Class glass

glass Stirlingshire glassmaker Tom Young and his daughter Karen have recently launched a new range of whisky glassware, under the 'Angels' Share' banner. According to a company spokesperson, "This is a truly unique and stunning collection of hand-blown glass whisky droppers, stirrers, decorations and scent bottles all of which complement the product line's centrepiece - the Angel's Share Whisky Angel. In a secret process known only to Tom, the caramel-lustred angel is filled and sealed with whisky - the fabled quantity that is traditionally known as 'The Angels' Share.' "Celebrating Scotland's whisky heritage, and sure to be treasured by the whisky industry, gift-buyers and tourists alike, the range pays homage to the myth of The Angels' Share, which says that the volume of whisky lost to evaporation during the cask or barrel ageing process becomes the heavenly preserve of the angels… Tom Young captures this divine measure of whisky and presents it in the striking Angel's Share Whisky Angel, which is filled with 30ml of 40 per cent volume single malt. This is within the permitted amount of liquid for air travel, so it can be carried in hand luggage." For more information visit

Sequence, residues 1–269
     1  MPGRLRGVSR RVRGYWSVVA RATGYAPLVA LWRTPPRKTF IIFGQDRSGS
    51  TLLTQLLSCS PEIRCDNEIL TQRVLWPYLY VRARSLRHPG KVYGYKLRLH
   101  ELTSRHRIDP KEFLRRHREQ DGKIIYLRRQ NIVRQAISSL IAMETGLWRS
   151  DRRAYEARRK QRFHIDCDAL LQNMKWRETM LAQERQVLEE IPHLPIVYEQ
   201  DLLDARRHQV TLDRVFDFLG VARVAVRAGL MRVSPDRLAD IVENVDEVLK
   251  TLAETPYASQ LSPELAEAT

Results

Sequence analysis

And finally…

seaplane Cutty Sark blended Scotch whisky has announced a partnership with Loch Lomond Seaplanes, with the brand having recently celebrated its 90th birthday. Jason Craig, Global Brand Controller, Cutty Sark, comments that "2013 is going to be a truly momentous year for the Cutty Sark brand. The stunning bright yellow seaplane really reflects what we hope will be the journey for our whisky brand for the next five to 10 years; from its roots as a Scotch to taking flight as an urban, relevant and pioneering whisky for new generation of whisky drinkers." Do we win a free bottle for suggesting that the partnership adopts the slogan 'Cutty Sark gets you high…"?